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Indian Spiritual Traditions Any spiritual tradition that has ...

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Indian Spiritual Traditions Any spiritual tradition that has ...

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Indian Spiritual Traditions
Any spiritual tradition that has originated on the Indian subcontinent is Indian. The ancient name of India as a political entity isBharatavarsha(=HJL4), and the ancient name of the Indian subcontinent isBharata khanda(HJB).
The word Hindu is not Indian; it is a word of Persian origin. Also, there is no Indian word corresponding to the wordreligion. The worddharma(N4) , meaning “the adopted principle,” refers to any principle which an individual or group of individuals adopt to follow as part of their conduct. Famously, Buddha adoptedahimsa ()EDI=), “no cruelty,” as his topmost dharma. When it comes to people connecting with God, India has sampradaya(I@=O), “traditions.”
All the traditions of India are inspired by the Vedas. The Vedas are the earliest extant writings of the human mind; the oldest scriptures in the world. A tradition which directly relies on the Vedas is called a Vedic tradition, orvaidikasampradaya(L-E@I@=O). The most eminent spiritual leaders, oracharya()=?=O4), meaning “pathmakers,” of the Vedic traditions in modern times have beenSankara(H), in the 6th century C.E.,Ramanuja(H==K), born in 1027 C.E., andMadhva(:L), born in 1199 C.E.
Among the traditions which do not directly rely on the Vedas, the Jaina traditions rely on the life and teachings ofRishabhadeva(@AL), as evidenced in the 1st century B.C.E., and twentythree other Jaina spiritual leaders, calledtirthankara(J1M4H), “stepmakers,” or makers of a flight of steps, culminating in Vardhamana Mahavira Jina(LN4= D=L1H E), born in 599 B.C.E. The followers ofSiddhartha Gautama Buddha (EIb=M4 C=-J >Kb), borncirca 567B.C.E., base their traditions on the life and teachings of the Buddha. In recent times, the Sikh traditions have relied on the life and teachings of Guru Nanak Dev, 1469 C.E. 1539 C.E., and the nine other gurus who followed him.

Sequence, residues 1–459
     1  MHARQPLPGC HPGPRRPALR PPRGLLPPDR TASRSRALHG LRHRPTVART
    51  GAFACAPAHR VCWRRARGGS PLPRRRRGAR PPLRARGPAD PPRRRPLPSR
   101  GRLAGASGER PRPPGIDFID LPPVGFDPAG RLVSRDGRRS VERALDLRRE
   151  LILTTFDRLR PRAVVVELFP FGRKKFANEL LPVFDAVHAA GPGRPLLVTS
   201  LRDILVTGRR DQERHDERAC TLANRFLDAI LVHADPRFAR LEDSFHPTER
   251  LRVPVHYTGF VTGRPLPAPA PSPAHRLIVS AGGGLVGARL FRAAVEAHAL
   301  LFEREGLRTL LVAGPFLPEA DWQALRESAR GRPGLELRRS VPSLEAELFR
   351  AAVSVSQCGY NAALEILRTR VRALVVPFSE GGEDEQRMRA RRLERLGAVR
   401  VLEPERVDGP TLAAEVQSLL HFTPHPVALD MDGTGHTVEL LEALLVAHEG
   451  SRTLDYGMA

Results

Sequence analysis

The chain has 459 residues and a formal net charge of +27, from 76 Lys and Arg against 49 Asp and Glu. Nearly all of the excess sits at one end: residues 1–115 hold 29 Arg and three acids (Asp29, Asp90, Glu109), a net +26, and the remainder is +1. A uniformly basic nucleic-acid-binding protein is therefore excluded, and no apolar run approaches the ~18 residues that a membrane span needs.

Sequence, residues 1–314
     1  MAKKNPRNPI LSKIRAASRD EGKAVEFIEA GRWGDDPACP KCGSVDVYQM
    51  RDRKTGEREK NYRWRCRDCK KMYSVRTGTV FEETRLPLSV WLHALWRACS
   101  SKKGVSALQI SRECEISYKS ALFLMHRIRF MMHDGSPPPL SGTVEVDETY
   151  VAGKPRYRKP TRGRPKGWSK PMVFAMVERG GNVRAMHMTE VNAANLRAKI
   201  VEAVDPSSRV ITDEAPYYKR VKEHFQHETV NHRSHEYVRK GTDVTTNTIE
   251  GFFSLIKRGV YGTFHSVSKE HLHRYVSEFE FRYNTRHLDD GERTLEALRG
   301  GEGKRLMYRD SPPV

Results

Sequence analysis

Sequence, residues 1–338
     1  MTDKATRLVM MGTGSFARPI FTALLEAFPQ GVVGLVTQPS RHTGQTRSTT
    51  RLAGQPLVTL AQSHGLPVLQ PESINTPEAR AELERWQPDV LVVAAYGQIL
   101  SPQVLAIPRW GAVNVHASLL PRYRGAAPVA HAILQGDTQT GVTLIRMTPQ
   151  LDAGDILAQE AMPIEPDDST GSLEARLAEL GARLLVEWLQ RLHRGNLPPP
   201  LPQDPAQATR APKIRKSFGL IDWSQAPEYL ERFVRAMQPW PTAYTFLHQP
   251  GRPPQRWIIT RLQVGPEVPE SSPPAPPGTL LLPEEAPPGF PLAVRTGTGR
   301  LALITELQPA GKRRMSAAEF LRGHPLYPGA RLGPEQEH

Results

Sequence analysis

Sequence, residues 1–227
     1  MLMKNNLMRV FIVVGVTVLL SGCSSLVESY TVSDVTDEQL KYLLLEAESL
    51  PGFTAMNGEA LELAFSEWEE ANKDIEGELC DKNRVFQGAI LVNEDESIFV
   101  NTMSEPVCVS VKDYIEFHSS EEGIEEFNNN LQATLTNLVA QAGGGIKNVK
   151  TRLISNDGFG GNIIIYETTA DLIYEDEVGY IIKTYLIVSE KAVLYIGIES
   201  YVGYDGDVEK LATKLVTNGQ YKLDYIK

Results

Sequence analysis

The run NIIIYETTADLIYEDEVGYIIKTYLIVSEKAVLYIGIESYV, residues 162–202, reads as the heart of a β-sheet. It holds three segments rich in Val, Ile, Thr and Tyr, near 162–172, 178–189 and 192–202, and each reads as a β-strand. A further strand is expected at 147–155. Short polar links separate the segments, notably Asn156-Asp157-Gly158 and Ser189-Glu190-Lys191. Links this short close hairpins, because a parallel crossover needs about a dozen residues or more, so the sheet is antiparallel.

Some Jews are believed to have settled down in India after the destruction of the Second Temple in Jerusa lem. Apostle Thomas is believed to have lived and died in India. The followers of Zarathustra resettled in India after the Arabs invaded their native Persia in 610 C.E. and forced the Persians to become Muslims. Islam was forced upon Indians by the Mughal invaders (1526 C.E  1707 C.E.). Numerous Indians were proselytized to Christianity during the British presence in India between 1600 C.E. and 1947 C.E. The followers of these religions in India have also been noticeably influenced by the spiritual traditions of India.
All traditions in India believe in one God. The Indian word for God isNarayana(=H=O'). It is a spiritual name in Sanskrit signifying the creation of the cosmos. God is referred to variously asParamatma(FH=6=), “the ultimate soul,”Parameshvara(FHA*H), “the ultimate lord,” and so forth. All creation is created by and from the ultimate source described asparamatattva(FHJ+L), “the ultimate thatness.” That entity is pure spirit,cit(E?J,), “consciousness.” It is calledbrahma(.), meaning “the creative principle.” As respon sible for the “creation” of the universe,sarga(IC4), God is referred to asBrahma(.=), “the Creator.” As responsible for the phenomenon of “stability” in the created state,sthiti(E5MEJ), God is referred to asVishnu (EL0'K), meaning the “allpervasive” God. As responsible for the phenomenon of “change” or transforma tion in the created state,laya(O), God is referred to asShiva(EL), meaning God “in whom everything ‘sleeps’ (or lies dormant or inactive).”
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